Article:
(Editor’s Note: This post originally appeared in the Huffington Post on March 30, 2015 at http://www.huffingtonpost.com/bob-herbst/with-the-germanwings-plan_b_6952572.html.)
As a private pilot for almost 40 years, I know things can go wrong in an airplane. In commercial aviation, most of the rare tragic accidents occur on takeoff and climb or descent and landing, through human or mechanical error, sometimes complicated by bad weather. We all know when we get on an airplane, there is that tiny risk we won’t get off, and it is a risk most of us are willing to take.
But when a plane in good working order comes down from cruise flight at 38,000 feet, that is truly terrifying. Before the very end of the last century, all of us who fly commercially, here and around the world, could trust that the pilots in the cockpit shared our desire to go on living. It was inconceivable that a pilot would violate that trust and deliberately take down the aircraft he was flying and destroy the lives of those in his charge as well as his own. The 1997 SilkAir crash in Indonesia, and the 1999 EgyptAir crash off Nantucket, were the first two reported instances in which a flying pilot intentionally descended from his cruising altitude, killing himself and more than a hundred and two hundred, respectively, of his airline passengers and crew.
In the last year, we have the unexplained disappearance of the Malaysian Airlines jet, and now this Germanwings disaster in which a young 27-year old German co-pilot apparently killed himself and 149 innocents by deliberately flying them into a French mountain range.
Now that it appears he had no ties to Islamic or other terrorism, but was just a plain vanilla airline pilot, educated and trained in the West by Lufthansa, one of the world’s most reputable airlines, the concern that one is vulnerable to murder/suicide will undoubtedly lodge itself in the back of the mind of every passenger whenever we step on board another airliner.
Perhaps some psychological or other explanation for his act, now unfathomable, will come to light, but if so, it is unlikely to assuage those fears. God knows we have enough to fear these days. What can be done to mitigate this new risk?
We have to try harder to eliminate the possibility that one pilot may be left alone on the flight desk, with the ability to lock out anyone else for even one minute, let alone five. In the wake of 9/11, the flight decks of the world’s commercial airline fleet were hardened so that the pilots could lock themselves in, safe from attack by passengers. The Germanwings A320 cockpit door could be unlocked by a code inputted on a key pad just outside, but the pilot inside could push a button which barred such entry for five minutes, long enough to bring down a plane. The system works well to protect the pilots from the passengers, but the engineering problem now is how to protect the passengers from the pilot. Not an easy fix, and I am not an engineer.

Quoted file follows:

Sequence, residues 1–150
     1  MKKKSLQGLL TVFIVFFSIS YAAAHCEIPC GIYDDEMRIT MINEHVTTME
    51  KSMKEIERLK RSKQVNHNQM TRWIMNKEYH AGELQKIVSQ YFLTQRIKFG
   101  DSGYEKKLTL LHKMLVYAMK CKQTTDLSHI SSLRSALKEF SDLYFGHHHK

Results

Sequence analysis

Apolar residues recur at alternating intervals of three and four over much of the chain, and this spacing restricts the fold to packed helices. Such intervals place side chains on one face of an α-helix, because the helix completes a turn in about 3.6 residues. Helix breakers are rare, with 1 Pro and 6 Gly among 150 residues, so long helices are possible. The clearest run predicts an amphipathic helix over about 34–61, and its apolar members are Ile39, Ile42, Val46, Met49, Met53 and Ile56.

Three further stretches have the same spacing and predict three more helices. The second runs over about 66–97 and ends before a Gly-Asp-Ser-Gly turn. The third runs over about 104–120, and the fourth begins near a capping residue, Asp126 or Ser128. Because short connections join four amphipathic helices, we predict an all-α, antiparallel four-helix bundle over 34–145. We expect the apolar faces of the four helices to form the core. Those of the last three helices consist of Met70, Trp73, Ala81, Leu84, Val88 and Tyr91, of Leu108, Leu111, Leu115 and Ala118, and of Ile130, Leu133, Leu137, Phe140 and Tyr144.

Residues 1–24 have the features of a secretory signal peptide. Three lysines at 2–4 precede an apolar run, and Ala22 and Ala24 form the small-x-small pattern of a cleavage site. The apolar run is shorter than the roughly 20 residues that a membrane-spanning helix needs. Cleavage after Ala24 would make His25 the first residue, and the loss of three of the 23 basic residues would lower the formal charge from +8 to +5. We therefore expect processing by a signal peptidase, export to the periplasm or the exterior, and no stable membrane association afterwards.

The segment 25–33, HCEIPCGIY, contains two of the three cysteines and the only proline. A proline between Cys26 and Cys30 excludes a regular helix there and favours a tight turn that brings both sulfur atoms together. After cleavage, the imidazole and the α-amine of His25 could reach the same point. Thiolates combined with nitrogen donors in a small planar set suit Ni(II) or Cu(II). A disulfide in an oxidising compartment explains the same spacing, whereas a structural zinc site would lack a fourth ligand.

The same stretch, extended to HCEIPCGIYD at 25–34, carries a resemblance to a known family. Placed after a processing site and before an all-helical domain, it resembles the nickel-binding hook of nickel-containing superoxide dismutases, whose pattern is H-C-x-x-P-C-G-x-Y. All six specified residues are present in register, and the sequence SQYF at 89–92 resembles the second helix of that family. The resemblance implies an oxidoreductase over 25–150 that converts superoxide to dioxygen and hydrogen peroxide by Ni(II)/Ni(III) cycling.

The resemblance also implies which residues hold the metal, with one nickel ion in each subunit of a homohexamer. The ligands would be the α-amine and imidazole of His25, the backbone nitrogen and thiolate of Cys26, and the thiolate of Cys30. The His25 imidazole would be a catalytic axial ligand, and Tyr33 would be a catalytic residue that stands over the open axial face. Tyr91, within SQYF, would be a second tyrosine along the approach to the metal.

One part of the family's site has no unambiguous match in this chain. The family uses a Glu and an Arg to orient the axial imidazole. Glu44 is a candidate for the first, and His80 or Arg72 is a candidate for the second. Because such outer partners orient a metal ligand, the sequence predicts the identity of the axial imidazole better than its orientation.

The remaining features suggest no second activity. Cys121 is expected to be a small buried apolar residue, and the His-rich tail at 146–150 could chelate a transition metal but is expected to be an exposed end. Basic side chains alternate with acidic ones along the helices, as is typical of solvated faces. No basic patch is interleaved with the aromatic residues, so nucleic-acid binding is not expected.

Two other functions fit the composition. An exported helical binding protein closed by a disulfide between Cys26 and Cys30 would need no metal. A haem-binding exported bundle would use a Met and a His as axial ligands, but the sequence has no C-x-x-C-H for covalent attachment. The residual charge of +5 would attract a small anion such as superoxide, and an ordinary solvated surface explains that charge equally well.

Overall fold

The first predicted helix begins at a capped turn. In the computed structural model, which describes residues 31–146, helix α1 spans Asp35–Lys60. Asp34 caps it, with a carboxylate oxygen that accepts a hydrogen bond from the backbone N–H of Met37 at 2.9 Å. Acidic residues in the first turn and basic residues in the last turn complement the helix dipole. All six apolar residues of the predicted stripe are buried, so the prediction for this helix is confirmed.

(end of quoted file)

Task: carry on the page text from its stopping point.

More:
In the old days, there were three pilots in every cockpit, not two. That is the best solution, of course, but those days are gone, never to return. Regulatory authorities around the world can promulgate and try to enforce the rule that neither of the two pilots now flying commercial aircraft may leave the cockpit at any time after pulling away from the gate. But since the primary reason one leaves is to use the lavatory, that rule is occasionally likely to be honored in the breach.
Many aircraft now have a lavatory immediately outside the cockpit door. In the future, perhaps new planes could be designed to include a lavatory within the flight deck itself rather than right outside it.
For the current fleet, video cameras could be installed in every cockpit and actually monitored, or the feeds digitally downloaded to servers on the ground and actually reviewed periodically to enforce the rule and deter each pilot from leaving the cockpit. There are now digital systems which download cockpit audio and all the data from the flight data recorder to an airline’s servers on the ground so that it is permanently preserved and immediately available for review. There is no reason ever again to have to search for flight data recorders or cockpit voice recorders on the ground or under the sea after a plane goes down. The FAA and its sister agencies worldwide should consider requiring the airlines to install and maintain these systems. Whether to add video in the cockpit presents some of the same pros and cons as video on every police jacket and squad car. It is intrusive and destroys each employee’s privacy on the job, but it reveals and deters misconduct and other aberrant behavior.
Proposals to wire the fleet to permit airline personnel on the ground to take over control of the plane from the pilot are vulnerable to the risk that a crazy employee on the ground could wreak the same havoc as a crazy lone pilot in the air.
Right now, there is no perfect solution, which is why we have something new to fear.